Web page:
Today's first lecture starts with an account of the Civil War: American citizens were conscripted to fight in the war effort. However, men had the option of hiring replacements to fight in their place, if they could find them and afford them. As you might imagine, many of the wealthy chose to hire people to do their fighting for them. Do you think this system was fair and discriminatory? Worse still: Is today's 'voluntary' army open to the same objection?
The second lecture explores the role of the free market as it relates to the issue of reproductive rights. We tend to impulsively condemn eugenics, but we are all simultaneously guilty of breeding ourselves selectively to produce a new generation that embodies some conception of health and attractiveness. We do this by choosing certain mates and excluding others, but we can also do this through the selection of sperm and egg donations. Should donors be paid for premium gametes? Are these mere commodities that can be easily transferred according to free market principles, or is there something fundamentally wrong with this outlook?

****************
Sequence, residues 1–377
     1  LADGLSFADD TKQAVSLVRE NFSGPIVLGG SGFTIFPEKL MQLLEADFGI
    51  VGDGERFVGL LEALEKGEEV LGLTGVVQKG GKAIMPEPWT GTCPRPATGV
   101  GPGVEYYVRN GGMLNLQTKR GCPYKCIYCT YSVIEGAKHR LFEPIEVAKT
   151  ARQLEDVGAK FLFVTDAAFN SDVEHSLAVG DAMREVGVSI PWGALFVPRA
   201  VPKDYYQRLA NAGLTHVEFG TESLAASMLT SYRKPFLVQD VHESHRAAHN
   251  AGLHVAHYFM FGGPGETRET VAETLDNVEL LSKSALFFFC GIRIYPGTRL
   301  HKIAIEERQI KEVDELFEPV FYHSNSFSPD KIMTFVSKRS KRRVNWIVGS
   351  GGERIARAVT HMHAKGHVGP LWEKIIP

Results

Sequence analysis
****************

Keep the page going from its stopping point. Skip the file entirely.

The discussion then moves to the question of surrogacy, and starts with the story of Baby M, a famous case in which Mary Beth Whitehead, after having signed a contract agreeing to become a surrogate mother for a desiring couple, decided to keep the baby after it was born (the egg used was hers). Should the courts uphold her decision? Should the contract be enforced? Is informed consent the only legitimate limitation on the kinds of contracts that citizens can freely engage in? Does anyone 'own' a baby so that it can be sold to other people? These are some of the questions that today's fascinating lecture explores.
So, if I can get Cryobank to accept my sperm, could I use their acceptance letter to get into Harvard? :)